October 19, 2007 |
Hippies used to say, if you remember Woodstock, you weren't really there. Republicans say presidential contender Hillary Rodham Clinton can forget about getting $1 million in taxpayer funds for a Woodstock museum. Sens. Clinton and Charles E. Schumer, Democrats from New York, want to earmark the federal money for a museum that would commemorate the 1969 music festival in their state.
December 18, 2006 |
Wanted: tie-dyed shirts, signs, guitars, snapshots, bits of trampled fence and other groovy artifacts from the 1969 Woodstock concert. The Bethel Woods Center for the Arts wants the artifacts for a museum honoring Woodstock and the '60s, which could open next year. A 4,800-seat concert pavilion at the former farm 80 miles northwest of New York City opened this summer.
CALIFORNIA | LOCAL
August 8, 2006 |
Laurel Canyon residents never expected to have to make a federal case out of a collapsed street in order to get it fixed. But that's what happened when a landslide destroyed pavement along Woodstock Road during the heavy rains of 2005 and sent governmental agencies tumbling into a debate over responsibility for the $1-million repair job. The winding, narrow street meanders along ridge tops in the Hollywood Hills.
June 30, 2006 |
No naked mud dancing. And ditch the patchouli. The Woodstock concert site is going upscale this summer. The $70-million Bethel Woods Center for the Arts opens Saturday with a classical concert just over the hill from where Jimi Hendrix and the Who took the stage 37 years ago. The reincarnated performance venue will welcome back some '60s stalwarts -- though the summer schedule also features the New York Philharmonic and Ashlee Simpson.
March 23, 2006 |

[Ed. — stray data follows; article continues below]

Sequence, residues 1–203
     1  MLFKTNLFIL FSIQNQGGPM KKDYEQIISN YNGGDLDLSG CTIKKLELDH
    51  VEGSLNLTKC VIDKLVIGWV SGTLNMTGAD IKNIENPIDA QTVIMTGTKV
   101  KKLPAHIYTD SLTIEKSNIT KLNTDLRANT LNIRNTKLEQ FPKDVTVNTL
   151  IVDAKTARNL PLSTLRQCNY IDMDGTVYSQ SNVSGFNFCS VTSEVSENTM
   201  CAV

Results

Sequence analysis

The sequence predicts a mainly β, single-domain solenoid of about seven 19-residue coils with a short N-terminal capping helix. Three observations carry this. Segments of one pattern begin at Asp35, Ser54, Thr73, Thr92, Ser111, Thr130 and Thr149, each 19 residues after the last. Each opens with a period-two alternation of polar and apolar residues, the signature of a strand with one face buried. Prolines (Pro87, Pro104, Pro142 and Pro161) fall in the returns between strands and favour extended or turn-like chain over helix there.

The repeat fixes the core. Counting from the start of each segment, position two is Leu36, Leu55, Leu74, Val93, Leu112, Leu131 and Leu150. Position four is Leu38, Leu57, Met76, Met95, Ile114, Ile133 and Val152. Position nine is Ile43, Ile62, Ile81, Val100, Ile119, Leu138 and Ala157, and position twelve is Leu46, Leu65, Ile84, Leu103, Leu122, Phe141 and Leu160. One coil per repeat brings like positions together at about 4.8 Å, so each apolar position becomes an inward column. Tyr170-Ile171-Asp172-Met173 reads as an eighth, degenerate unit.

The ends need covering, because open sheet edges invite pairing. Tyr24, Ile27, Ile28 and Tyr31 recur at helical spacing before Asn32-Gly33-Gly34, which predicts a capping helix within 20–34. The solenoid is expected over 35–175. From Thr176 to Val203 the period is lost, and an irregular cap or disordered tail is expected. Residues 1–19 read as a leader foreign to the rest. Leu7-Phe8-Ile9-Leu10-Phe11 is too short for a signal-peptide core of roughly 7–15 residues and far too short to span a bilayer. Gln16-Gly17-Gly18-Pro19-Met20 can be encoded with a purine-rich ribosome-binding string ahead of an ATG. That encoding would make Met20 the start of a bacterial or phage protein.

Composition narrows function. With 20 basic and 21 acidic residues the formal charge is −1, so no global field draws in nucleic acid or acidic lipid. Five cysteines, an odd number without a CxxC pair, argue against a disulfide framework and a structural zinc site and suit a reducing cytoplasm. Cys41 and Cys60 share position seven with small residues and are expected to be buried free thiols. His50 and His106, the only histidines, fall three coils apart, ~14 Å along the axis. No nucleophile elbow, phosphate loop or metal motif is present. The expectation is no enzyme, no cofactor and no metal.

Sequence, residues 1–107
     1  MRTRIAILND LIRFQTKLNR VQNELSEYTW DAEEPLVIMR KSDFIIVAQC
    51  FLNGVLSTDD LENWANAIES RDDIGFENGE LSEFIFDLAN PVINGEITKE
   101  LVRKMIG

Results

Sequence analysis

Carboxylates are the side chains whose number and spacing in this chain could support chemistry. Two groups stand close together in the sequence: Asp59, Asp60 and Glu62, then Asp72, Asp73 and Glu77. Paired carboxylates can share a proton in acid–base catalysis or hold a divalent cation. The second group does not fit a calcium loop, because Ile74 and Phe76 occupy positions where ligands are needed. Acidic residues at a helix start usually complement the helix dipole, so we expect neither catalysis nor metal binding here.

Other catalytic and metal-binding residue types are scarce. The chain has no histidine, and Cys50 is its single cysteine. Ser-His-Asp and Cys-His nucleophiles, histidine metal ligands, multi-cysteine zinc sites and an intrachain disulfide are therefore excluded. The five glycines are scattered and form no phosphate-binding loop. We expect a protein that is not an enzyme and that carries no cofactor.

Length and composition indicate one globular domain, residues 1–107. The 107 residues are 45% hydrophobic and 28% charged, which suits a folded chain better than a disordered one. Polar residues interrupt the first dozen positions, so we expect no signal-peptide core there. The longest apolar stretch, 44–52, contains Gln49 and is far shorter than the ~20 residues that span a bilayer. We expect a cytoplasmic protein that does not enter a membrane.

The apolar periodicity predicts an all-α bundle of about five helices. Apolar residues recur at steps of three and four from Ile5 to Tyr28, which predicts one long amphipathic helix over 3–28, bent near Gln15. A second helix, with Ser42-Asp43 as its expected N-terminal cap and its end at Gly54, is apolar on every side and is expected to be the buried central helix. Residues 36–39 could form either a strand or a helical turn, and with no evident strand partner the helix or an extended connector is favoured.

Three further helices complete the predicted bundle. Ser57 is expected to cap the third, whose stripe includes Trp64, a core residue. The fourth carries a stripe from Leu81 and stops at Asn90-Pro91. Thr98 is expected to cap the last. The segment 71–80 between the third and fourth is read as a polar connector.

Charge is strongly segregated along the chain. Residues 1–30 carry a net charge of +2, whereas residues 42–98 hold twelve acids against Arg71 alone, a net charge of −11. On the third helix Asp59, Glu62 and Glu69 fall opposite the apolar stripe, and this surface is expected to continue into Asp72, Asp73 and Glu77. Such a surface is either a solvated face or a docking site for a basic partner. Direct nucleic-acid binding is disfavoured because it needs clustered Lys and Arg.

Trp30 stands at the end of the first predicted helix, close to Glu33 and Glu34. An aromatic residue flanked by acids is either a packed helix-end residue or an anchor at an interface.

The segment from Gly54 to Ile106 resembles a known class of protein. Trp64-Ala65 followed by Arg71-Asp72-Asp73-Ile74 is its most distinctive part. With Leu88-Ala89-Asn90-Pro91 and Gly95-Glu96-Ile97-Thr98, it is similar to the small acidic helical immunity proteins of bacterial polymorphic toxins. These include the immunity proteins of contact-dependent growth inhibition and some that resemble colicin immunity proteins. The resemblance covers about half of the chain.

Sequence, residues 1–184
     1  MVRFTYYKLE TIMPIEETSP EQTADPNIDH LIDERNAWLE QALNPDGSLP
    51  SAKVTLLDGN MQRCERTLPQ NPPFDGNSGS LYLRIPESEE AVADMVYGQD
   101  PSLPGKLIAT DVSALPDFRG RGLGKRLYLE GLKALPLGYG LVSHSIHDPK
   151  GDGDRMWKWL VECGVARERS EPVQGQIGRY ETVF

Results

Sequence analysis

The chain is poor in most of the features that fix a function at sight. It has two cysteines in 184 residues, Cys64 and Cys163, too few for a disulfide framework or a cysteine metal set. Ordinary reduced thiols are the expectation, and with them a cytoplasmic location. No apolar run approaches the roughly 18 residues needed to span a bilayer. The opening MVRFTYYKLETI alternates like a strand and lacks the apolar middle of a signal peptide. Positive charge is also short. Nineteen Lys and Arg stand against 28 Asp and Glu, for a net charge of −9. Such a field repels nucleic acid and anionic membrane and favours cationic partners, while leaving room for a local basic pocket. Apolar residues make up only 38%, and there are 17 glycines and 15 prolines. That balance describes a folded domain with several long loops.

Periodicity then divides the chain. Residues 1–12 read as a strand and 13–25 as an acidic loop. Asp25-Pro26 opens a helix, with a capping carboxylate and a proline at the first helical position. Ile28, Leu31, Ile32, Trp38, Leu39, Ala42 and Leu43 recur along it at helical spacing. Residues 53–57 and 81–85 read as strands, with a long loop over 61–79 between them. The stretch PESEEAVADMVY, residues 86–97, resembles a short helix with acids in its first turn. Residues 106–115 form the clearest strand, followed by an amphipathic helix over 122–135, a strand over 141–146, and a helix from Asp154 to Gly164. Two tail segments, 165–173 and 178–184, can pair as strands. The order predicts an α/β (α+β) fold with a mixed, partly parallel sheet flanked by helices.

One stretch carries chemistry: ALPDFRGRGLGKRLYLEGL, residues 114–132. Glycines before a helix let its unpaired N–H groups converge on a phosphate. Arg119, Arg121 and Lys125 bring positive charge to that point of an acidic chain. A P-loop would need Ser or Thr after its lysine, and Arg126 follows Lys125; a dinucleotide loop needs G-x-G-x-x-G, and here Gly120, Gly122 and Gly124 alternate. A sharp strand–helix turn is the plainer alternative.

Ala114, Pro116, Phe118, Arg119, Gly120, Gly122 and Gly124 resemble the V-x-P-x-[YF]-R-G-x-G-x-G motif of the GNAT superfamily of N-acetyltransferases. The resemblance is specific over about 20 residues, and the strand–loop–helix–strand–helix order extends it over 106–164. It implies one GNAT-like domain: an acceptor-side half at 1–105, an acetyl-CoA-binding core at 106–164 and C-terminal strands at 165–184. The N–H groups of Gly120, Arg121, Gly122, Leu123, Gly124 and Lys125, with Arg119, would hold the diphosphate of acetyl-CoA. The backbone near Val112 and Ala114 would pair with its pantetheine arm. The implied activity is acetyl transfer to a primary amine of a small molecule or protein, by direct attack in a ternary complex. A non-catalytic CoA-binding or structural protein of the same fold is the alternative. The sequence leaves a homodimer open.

A performing arts and music center on the original Woodstock concert site will open July 1 with a performance by the New York Philharmonic. The Bethel Woods Center for the Arts also announced it will host a two-day Woodstock anniversary concert the weekend of Aug. 12-13. No artists have been lined up for that show. The 4,800-seat summer pavilion is up the hill from the stage that drew about 400,000 fans in August 1969 to listen to the likes of the Who and Janis Joplin.
CALIFORNIA | LOCAL
September 2, 2004 |
David Myers, a cinematographer whose feature-film credits included George Lucas' debut film, "THX 1138," and Alan Rudolph's "Welcome to L.A.," but who was best-known for his camera work on landmark concert documentaries such as "Woodstock," "Elvis on Tour," "The Last Waltz" and "The Grateful Dead Movie," has died. He was 90. Myers, a longtime resident of Mill Valley in the Bay Area, died of natural causes Aug.
July 23, 2004 |
Ground was broken this week for a performing arts and music center on the site of the Woodstock Festival, the legendary summer of 1969 celebration of "peace, love and music" that attracted hundreds of thousands to rural upstate New York. When completed in 2006, the $63-million center, christened the Bethel Woods Center for the Arts, will be the first permanent structure to be erected on the site.
July 17, 2004
Re "Partisan '9/11' Signals New Era for Documentaries," by David Macaray, July 12): Documentary 101 in college will start with the "rude awakening" that, by merely turning the camera to focus on a subject, the documentarian is already making a "statement" film -- namely, that the film's subject warrants attention. Leni Riefenstahl knew and documentarians today know that the "raw" footage can be collated, edited and combined to propound many points of view. "Woodstock" raw footage could have easily been used to demonstrate the decay of modern civilization in a bacchanal of drugs and self-indulgence instead of a celebration of youth, music, tolerance and love.
June 25, 2004 |
Steve Shashok was a lanky, longhaired 21-year-old when he went to Woodstock. Through three days of music and mud, he wore the same bell-bottoms covered with a crazy quilt of colored and corduroy patches. The pants are now history -- officially.
June 5, 2003 |
Three decades after its debut, the groundbreaking concert film "Wattstax" will be re-released Friday, with its original "lost" ending restored -- a culminating performance by Isaac Hayes, filmed under stadium lights before a packed, nearly all-black L.A. Coliseum audience.